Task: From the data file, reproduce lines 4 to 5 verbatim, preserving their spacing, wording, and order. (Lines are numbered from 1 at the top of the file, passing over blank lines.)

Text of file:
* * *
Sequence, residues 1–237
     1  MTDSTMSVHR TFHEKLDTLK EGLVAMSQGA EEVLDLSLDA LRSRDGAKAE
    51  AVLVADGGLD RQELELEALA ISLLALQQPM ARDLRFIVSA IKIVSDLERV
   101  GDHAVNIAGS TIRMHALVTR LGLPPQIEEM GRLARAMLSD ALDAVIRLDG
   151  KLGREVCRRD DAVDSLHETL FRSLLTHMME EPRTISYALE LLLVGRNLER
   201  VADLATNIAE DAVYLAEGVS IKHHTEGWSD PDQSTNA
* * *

   101  GDHAVNIAGS TIRMHALVTR LGLPPQIEEM GRLARAMLSD ALDAVIRLDG
   151  KLGREVCRRD DAVDSLHETL FRSLLTHMME EPRTISYALE LLLVGRNLER